Lehigh University
The Vault at PfaffsAn Archive of Art and Literature by the Bohemians of Antebellum New York
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Text for Page 107 [08-09-1861]

              98
         With W. Conworth to his Brother�s.
here.        George has paid William nothing for
his services, and the young fellow (who works as
hard and infinitely more conscientiously than any 
hired laborer) trusts to �his honor� for future
recompense.   Yet he, as far as his simple, kindly
nature permits, understands and condemns the 
general meanness of the household.   George made
him, however, a present of $10 at Christmas, when
he expended it in an abortive attempt to construct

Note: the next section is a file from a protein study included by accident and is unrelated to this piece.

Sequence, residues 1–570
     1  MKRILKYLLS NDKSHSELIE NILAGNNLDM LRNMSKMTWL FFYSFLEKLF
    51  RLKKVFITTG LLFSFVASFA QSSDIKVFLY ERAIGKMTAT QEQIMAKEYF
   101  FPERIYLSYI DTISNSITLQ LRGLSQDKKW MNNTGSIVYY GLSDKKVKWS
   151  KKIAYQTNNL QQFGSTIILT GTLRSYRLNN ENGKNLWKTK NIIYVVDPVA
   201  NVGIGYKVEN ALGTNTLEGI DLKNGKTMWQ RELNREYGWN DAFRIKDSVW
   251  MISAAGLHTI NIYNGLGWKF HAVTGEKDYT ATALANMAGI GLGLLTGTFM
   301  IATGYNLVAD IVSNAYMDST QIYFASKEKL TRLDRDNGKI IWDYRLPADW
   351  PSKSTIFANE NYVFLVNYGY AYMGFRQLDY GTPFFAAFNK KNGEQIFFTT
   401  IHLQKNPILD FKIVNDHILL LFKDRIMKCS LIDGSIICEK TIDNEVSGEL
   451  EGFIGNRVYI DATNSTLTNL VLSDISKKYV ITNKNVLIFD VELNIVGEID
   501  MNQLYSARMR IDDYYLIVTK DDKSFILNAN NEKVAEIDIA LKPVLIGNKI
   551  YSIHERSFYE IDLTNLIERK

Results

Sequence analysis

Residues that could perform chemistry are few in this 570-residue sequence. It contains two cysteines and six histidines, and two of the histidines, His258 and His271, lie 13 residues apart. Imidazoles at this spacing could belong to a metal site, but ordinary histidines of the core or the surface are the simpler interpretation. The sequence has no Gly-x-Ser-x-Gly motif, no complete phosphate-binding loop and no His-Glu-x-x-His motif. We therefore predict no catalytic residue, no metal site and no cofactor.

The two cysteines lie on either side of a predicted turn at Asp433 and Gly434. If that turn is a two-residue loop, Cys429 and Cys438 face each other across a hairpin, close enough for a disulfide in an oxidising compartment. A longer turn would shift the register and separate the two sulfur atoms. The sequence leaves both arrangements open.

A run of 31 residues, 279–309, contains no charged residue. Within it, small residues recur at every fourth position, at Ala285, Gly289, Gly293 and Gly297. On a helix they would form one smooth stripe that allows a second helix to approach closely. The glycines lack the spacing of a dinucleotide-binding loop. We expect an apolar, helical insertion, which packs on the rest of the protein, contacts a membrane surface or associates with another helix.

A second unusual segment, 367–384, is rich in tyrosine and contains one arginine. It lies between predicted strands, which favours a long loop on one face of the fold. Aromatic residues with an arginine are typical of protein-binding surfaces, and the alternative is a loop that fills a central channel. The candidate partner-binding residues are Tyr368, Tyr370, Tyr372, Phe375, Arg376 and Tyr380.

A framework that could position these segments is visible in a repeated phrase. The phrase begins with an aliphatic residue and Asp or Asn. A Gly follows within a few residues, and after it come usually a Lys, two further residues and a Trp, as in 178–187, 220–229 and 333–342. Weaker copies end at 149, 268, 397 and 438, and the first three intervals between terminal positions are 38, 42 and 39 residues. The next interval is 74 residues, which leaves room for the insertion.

a sewing-machine � which attempt George speaks
of with contemptuous condemnation to this day.
  10.  Saturday.   Sunlight again!      Writing to
Heylyn and to Haney.   In the afternoon set off
with William Conworth for a tramp to the house
of his brother, the day growing sultry as we progres-
sed.   Half a mile beyond Paris, we got a ride, sitting
on a long plank, conveyed on four wheels by an old
man whose talk proved interesting; for he had wit-
nessed the battle of Lundy�s Lane and other war-
fare of the epoch.      He was a Jerseyman-born, but
had come to Canada with his father over half a
century ago; when it was all forest-land, Indians
and fever and ague.       Alighting at Martin�s, we saw
two pretty, bare-legged children (girls) and talked
with a Brooklyn man, who had come to this country
in the vessel which brought Mrs. Hewitt over, and who 
talked of returning.         Shortly afterwards Dixon               
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